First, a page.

Today the Royal Institute of British Architects (RIBA) announced Neave Brown as the recipient of the 2018 Royal Gold Medal.
The medal, approved personally by Queen Elizabeth II, recognizes a lifetime of achievement in the field of architecture, and is considered to be the highest honor an architect can receive in the U.K. Past recipients have included Zaha Hadid, Oscar Niemeyer, Rem Koolhaas, and Frank Lloyd Wright.
Upon learning he would receive the lauded prize, Brown remarked, “All my work! I got it just by flying blind, I seem to have been flying all my life.”
Such a prolific career as Brown’s might seem a blur in retrospect, but his achievements are numerous. The New York–born architect, now 88 years old, is best known for his housing complexes in the UK. His most famous structure, the Alexandra Road Estate near London’s Abbey Road (completed in 1978), features a Brutalist ziggurat of concrete, tiered apartment buildings obscuring the sound and vibrations of an adjacent railway. The lush grounds of the estate, which contains 520 residential units, are also home to a large park, community center, and school.
Another, earlier project at Winscombe Street (completed in 1963), took its inspiration from housing structures by modernists like Le Corbusier as well as traditional London terraces. It is a set of five houses built of concrete and brick with a communal garden attached. In signing on to live there, residents are obliged to sign an agreement Brown himself wrote up: They must participate in the garden’s maintenance as well as occasional events hosted at the houses. As Brown wrote in the rules, the garden was meant to be a shared space whose “combination of freedom, community, and privacy is valuable and vulnerable,” a social resource he took very seriously as a design element.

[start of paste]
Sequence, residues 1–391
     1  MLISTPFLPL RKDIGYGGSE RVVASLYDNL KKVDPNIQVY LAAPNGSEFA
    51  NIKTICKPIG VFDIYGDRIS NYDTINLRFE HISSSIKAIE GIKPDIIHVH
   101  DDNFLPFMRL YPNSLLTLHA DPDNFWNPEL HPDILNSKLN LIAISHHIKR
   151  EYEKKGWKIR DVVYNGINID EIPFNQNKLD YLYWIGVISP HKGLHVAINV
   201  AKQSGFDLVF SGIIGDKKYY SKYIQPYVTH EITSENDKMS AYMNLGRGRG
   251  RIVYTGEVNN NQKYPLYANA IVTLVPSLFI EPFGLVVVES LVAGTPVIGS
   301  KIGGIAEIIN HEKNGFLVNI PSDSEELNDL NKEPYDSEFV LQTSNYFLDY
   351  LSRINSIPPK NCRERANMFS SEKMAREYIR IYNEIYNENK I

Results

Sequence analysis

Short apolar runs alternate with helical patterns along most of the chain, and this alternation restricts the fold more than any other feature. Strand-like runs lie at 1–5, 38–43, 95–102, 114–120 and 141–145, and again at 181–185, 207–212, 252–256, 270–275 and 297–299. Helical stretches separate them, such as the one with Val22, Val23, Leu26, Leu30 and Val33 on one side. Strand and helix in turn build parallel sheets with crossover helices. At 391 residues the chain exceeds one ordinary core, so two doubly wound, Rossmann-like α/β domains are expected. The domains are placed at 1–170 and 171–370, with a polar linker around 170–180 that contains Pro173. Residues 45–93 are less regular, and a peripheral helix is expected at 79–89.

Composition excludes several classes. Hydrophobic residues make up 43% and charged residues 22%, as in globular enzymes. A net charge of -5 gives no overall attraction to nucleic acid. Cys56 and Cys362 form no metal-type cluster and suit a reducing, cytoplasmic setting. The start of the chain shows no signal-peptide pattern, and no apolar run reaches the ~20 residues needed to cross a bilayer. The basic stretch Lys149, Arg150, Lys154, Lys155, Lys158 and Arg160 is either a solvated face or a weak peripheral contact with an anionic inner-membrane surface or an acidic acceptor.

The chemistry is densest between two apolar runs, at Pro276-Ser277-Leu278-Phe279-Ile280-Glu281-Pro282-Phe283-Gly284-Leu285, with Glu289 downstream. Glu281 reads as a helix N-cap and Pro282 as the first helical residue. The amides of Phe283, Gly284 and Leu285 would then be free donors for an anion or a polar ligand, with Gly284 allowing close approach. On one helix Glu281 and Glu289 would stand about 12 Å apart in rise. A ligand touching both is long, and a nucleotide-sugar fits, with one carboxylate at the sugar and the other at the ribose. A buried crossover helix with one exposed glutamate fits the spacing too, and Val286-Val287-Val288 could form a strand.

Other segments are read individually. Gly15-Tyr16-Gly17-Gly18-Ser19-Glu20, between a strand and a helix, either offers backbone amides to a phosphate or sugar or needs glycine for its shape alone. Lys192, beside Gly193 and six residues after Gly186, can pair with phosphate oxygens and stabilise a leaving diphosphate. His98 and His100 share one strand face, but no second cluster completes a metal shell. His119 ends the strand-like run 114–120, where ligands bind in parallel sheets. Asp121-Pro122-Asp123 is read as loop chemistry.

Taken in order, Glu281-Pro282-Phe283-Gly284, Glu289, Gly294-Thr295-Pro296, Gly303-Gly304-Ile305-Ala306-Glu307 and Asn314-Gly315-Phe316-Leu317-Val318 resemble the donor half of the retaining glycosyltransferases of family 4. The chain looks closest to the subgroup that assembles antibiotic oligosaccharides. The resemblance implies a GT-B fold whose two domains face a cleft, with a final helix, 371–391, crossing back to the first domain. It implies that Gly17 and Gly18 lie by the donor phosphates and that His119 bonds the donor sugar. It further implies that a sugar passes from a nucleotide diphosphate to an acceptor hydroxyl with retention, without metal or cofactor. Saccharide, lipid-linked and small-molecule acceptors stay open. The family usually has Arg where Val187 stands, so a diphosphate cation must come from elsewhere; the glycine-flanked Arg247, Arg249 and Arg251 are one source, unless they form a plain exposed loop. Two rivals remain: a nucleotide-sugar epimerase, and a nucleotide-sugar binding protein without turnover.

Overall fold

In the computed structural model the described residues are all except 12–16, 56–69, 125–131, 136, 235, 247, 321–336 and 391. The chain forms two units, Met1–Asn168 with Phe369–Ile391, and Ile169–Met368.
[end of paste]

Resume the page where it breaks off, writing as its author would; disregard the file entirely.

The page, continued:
The houses at Winscombe Street and the Alexandra Road Estate have been listed (landmarked) in the U.K, as well as a third housing project on Fleet Road (also a split-level structure with inward-facing terraces), completed in 1977. This makes Brown the only architect to have all his projects listed in the U.K.
Explaining his nomination of Brown for the Royal Gold Medal, architectural historian Mark Swenarton said: “Brown has provided a model of an architecture that is not just outstanding in its form but is thoroughly rooted both in the social relationships that it supports and in the urban tissue that it reinforces.”
At the ripe age of 73, Brown retired from architectural work to pursue a Bachelors in fine art, a passion he put aside at 20 years old for a career in design. With this medal, the entire architectural world has a reminder of his contributions to the field, and to thinking about social housing writ large.